Touring the Mercado de la Merced with Pilar Cabrera Arroyo

My first day in Oaxaca was thrilling and something I was looking forward to for quite some time! I walked from Las Bugambilias B&B to Pilar’s cooking class at Casa de los Milagros, operated by Pilar’s brother Rene. (Three beautiful rooms each with private bath @ $120USD each.)  Our group of seven included a couple from Guadalajara celebrating their anniversary, two couples from Washington state who come to Oaxaca frequently, and me.

I was as enthralled by the kitchen arranged around a U-shaped maize-colored concrete counter with commercial cooktop and sink strategically positioned, as I was about the Amarillo menu: quesadillas with mushrooms and Oaxaca quesillo (string) cheese, sopa de flor de calabaza (squash blossom soup — my absolute favorite), mole Amarillo de pollo (yellow mole with chicken), and for dessert — arroz con leche.  For the salsa, Pilar chose Salsa de chile pasilla oaxaqueno.

Squash blossoms ready for stuffing with quesillo, perhaps?

Today, no one is vegetarian, so we go with the menu as presented, pick up our colorful shopping bags and climb into Pilar’s CRV and a taxi to travel to the Mercado de la Merced, eight blocks from the casa, at the corner of Calle Republica and Murguia.  Pilar grew up in Barrio de la Merced.  She personally knows each vendor and going through it is an expedition in determining and selecting the very best, freshest, most fragrant ingredients.  She knows that what she buys is organic , grown by small farmers from the local countryside. Our shopping list includes fresh masa for making homemade tortillas, quesillo for the quesadillas, rice, fresh whole milk (not pasteurized and likely coming from a contented cow early that same morning), mushrooms (and we also find corn smut — huitlacoche, considered a delicacy that we will add to the quesadillas). We also buy epazote, a leafy herb for the quesadillas, and cream for the soup.

Pilar describes huitlacoche

Someone asks and Pilar advises that it is fine to take photos of the food and to ask people if they would agree to have their photos taken.  She never pays anyone for taking a photo, although people ask for 10 pesos (about a dollar). Sunday is the best day to go to this market, when vendors come with folk art and crafts.  She points out the comedor “La Guierta” frequented by Rick Bayless.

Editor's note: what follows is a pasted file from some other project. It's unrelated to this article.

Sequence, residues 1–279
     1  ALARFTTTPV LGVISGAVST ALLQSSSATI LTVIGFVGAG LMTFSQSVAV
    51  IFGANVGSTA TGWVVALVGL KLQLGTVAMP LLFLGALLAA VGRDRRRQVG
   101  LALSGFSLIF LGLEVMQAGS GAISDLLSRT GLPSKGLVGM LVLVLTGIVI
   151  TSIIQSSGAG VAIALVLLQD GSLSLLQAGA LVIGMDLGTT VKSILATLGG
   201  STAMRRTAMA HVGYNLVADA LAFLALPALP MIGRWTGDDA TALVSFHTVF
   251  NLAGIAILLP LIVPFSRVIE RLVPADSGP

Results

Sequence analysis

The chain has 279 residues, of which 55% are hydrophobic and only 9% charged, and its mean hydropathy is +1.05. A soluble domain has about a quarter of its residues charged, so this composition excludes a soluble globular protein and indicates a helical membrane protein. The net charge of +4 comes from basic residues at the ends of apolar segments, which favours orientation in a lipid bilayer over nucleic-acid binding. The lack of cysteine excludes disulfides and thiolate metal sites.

La Guerita, a Rick Bayless favorite

We pass by ancient women vending calla lilies (alcatraz), roses from Ocotlan (Pilar says she loves rose petal sorbet), piles of chiles, handcrafted cheeses, and arrays of beautiful squash blossoms.  We stop at the family-owned chocolate stand where I buy molded treats to take home for hot chocolate and choco-cafe (100 pesos for one kilo).  We open our bags like little birds opening our beaks as Pilar buys and deposits chile pasilla (smokey and dark red), a plastic bag filled with fresh whole milk, squash blossom, choyote squash, mushrooms, and masa.

A young woman sits on the ground in front of two large baskets of chapulines. Pilar points to them.  These are not fresh, she says. See how dull they are, they must be shiny to be good.  We sample tejate, a pre-Hispanic drink made from ground maize, cacao, and the seed of the mamey fruit.

Sipping tejate

We learn that poblano chiles are from Puebla, and are not popular in Oaxaca.  Chile Oaxaca is small and yellow.  Chile serrano is called jalapeno when it is green and chipotle when it is red.  Black chilehuacle is the principle ingredient for mole negro (the most complex and difficult to prepare).   Never wash dried chiles, says Pilar, it degrades the flavor.  Clean it instead by wiping with a cloth.

Piles of basil, rosemary and other herbs grown for herbal cleansing and aromatics lean against the rough wood walls of the herbalists’ stall.  These are not used for cooking like in North America, Pilar says.  Bright yellow chicken is either painted or dipped in a corn-coloring; these are not organic.  Only white chickens are organic.  Chico zapote is a brown-yellow color but tastes like a sugary pear.  There are many types of mango, and mango pina is sweet and juicy with a green skin.

La Petrita vendadora de chocolate

We meandered, sampled and savored, breathed in the aromas of the small diners assembled around the inner courtyard, soaked in the visual excitement of colors, shapes and people.  After an hour of food shopping, we climbed back into our liveries and returned to the kitchen where we would get down to serious business.

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